“No Man’s Land” is a modern Western, set in Texas and Mexico, and it has the sort of soundtrack that’s familiar to those who know low-budget independent films. It consists of a guitar playing inside an echo chamber.
This staple of independent movies — if you go to the Sundance Film Festival, you will hear echoing guitars in your dreams — is never a welcome sign. Though “No Man’s Land” is a slightly better than average entry in this Echoing Guitar genre, it suffers from most of the usual maladies: It’s slow, with long stretches of nothing, and it’s deadly earnest.
The echoing guitar doesn’t help. It never helps. In “No Man’s Land” (available to stream on demand Friday, Jan. 22), something will happen, and just as we’re registering it, the echoing guitar will come in, as a kind of commentary. The commentary is unspecific as to meaning, but seems to suggest a universal element in what we’ve just witnessed, as if what we’ve seen is not just a moment in people’s lives, but something emblematic. The result, as is always the case with this kind of soundtrack, is an immediate and unwelcome feeling of distance. Suddenly, we’re watching from far away.
So, it comes as a surprise that when “No Man’s Land” reaches its moment of climax, it lands with strength and emotion. It’s not general or universal. It’s specific, and it’s felt.
What we have here, then, is a movie that’s mostly just OK, but then, for five minutes, it’s great. To be fair, those five minutes don’t come from nowhere. They’re a product of everything that has been slowly (too slowly) built over the course of everything that has come before.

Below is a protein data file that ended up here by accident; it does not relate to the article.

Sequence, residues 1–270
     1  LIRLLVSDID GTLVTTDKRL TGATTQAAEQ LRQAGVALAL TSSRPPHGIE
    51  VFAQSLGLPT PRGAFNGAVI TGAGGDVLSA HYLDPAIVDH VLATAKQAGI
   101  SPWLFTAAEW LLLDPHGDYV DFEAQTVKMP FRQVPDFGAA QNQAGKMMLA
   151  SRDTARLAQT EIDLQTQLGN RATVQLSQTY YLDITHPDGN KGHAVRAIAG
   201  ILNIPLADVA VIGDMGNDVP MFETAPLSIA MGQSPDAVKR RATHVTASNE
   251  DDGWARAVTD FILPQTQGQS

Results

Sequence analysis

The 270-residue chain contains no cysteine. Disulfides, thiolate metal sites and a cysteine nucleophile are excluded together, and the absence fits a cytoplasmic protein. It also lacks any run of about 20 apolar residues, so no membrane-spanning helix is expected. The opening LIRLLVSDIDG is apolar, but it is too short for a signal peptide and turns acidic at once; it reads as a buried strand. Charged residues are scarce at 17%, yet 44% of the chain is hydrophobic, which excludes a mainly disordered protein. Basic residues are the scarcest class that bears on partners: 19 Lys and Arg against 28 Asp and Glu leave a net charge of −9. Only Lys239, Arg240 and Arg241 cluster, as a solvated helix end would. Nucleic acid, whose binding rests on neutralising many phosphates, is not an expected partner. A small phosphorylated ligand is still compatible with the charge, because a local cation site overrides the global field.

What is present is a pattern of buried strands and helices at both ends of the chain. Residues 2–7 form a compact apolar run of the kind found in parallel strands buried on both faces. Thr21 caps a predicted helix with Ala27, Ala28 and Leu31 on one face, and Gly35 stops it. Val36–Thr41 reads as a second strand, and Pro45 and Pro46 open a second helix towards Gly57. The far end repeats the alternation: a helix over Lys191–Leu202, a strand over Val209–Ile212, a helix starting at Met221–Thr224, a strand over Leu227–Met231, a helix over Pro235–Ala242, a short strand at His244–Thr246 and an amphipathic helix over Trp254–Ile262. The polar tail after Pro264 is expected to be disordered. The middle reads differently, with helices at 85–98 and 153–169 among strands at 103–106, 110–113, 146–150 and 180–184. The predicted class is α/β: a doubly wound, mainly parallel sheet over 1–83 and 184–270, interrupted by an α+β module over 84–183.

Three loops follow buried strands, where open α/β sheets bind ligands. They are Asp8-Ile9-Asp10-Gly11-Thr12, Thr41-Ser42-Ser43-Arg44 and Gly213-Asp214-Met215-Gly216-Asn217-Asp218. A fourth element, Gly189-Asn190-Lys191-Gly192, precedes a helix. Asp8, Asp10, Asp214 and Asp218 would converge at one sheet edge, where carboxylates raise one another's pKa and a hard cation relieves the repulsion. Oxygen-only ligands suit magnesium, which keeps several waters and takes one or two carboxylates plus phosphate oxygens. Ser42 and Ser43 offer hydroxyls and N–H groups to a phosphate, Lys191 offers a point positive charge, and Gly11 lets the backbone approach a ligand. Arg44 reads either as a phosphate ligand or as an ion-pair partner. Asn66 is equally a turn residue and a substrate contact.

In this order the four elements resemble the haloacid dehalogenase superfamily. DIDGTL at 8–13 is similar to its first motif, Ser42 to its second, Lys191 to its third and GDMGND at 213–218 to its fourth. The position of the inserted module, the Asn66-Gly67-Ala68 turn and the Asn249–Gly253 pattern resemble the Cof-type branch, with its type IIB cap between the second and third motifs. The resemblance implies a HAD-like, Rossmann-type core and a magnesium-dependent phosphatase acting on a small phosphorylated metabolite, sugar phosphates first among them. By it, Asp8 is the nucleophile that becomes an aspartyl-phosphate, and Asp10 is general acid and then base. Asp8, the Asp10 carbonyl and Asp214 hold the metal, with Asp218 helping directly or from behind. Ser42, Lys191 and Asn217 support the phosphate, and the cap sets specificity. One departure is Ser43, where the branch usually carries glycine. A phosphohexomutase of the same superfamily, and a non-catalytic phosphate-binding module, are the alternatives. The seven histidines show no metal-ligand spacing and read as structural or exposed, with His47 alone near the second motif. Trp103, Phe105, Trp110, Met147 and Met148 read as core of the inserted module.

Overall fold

“No Man’s Land” is grounded in solid performances and, when it counts, good writing. Frank Grillo plays a Texas rancher living on the border with Mexico, who has to constantly deal with Mexicans crossing over and poaching his livestock. Grillo is interesting casting here, an Italian American from New York City, not the first guy you’d picture in a 10-gallon hat. But he brings a real toughness, the quality of a decent guy so narrowly focused that he could be cruel.
The pivotal event comes early, when he and his two grown sons are patrolling the border, looking for their cattle, which have been scattered. They come upon a group of Mexicans trying to cross the border, and the encounter turns into a confrontation, which turns into a bloody mess. In the melee, the rancher’s son Jackson accidentally kills a pubescent boy, then flees to Mexico to avoid arrest by a Texas Ranger.
That event comes very early on, and the rest of “No Man’s Land” involves all the things that happen to Jackson in Mexico, some of which are interesting, some of which aren’t. But Jake Allyn, who plays Jackson, has an open-hearted, sympathetic quality. He also co-wrote the film and resists the temptation to write himself speeches. Much is conveyed in glances and silences.
Conor Allyn, Jake’s brother, directed, and he gets subtle work from his actors, including Andie MacDowell as the rancher’s wife, and George Lopez as the Texas Ranger. Lopez is particularly moving in the way he shows, without the need of dialogue, the evolution in the lawman’s thinking. It’s in his face, his aura of stoic humanity.
These are all strong virtues, but movies are experienced in time, and how that time rolls out determines how we feel about the experience. Basically, when this movie isn’t good, it’s boring. But — when it’s not boring, it’s good.
L“No Man’s Land”: Western. Starring Jake Allyn, Frank Grillo and George Lopez. Directed by Conor Allyn. (PG-13. 115 minutes.) Available to stream on demand Friday, Jan. 22.